The film received a positive "A-" CinemaScore from audiences and holds an approval rating of 86 percent based on 225 reviews to date on review-aggregation website Rotten Tomatoes.
The Elisabeth Moss-led thriller "The Invisible Man" rode a wave of good reviews to a very visible spot atop the box office this weekend. Universal Pictures on Sunday estimated that the film from writer-director Leigh Whannell earned $29 million from North American theaters. Internationally, the Blumhouse production picked up an additional $20.2 million.
Whannell helped dust off the classic H.G. Wells story and update it for modern audiences by focusing on Moss' victim character instead of the Invisible Man character, who here is an abusive ex-boyfriend.
"The Invisible Man" carried a relatively modest budget, costing under $10 million to produce, and exceeded expectations by a few million dollars. The film, which had been well-received by critics, drew diverse audiences to the theaters (46% Caucasian, 20% African American and 18% Hispanic), according to exit polls.
"We couldn't be more pleased," said Jim Orr, Universal's president of domestic distribution. "(Whannell) brought this century-old character to life in a very clever and relevant way."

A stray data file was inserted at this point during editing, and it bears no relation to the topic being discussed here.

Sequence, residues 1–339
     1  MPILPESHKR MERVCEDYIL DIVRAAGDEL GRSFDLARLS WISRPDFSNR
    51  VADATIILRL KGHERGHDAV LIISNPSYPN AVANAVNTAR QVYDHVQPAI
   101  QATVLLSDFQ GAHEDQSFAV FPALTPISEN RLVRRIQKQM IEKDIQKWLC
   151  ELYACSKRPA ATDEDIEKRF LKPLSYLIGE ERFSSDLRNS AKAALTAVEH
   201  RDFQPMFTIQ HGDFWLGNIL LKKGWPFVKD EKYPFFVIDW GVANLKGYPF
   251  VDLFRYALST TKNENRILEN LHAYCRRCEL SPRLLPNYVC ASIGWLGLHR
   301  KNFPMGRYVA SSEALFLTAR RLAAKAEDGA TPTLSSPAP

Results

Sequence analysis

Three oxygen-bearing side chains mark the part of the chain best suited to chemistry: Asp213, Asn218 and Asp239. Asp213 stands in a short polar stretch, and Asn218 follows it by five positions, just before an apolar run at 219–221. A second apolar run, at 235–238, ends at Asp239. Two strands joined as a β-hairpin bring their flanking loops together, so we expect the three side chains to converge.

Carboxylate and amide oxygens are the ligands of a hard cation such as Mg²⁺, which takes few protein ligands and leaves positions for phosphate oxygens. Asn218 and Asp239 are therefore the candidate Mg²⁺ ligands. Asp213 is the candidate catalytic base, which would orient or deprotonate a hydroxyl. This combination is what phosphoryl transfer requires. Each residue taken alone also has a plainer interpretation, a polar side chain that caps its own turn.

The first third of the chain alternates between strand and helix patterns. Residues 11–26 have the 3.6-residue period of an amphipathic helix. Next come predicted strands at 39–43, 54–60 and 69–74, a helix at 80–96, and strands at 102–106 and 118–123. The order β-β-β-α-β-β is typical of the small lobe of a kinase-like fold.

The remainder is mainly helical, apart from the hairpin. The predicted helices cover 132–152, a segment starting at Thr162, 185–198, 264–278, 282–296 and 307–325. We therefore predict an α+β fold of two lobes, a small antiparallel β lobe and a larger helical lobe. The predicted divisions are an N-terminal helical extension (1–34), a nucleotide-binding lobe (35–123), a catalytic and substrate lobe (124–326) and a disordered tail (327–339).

The studio expects it to continue to play well into March, although it will have some extra competition when "A Quiet Place Part II" opens on March 20.
Paramount Pictures' "Sonic the Hedgehog" slid to second place in its third weekend in theaters adding $16 million and bringing its domestic total to $128.3 million. "The Call of the Wild," with Harrison Ford, placed third in its second weekend with $13.2 million.
Fourth place went to the anime superhero film "My Hero Academia: Heroes Rising" which opened to $6.3 million from just 1,260 screens.
"We should never underestimate films like this that may not have broad recognition among the general public," said Comscore's senior media analyst Paul Dergarabedian.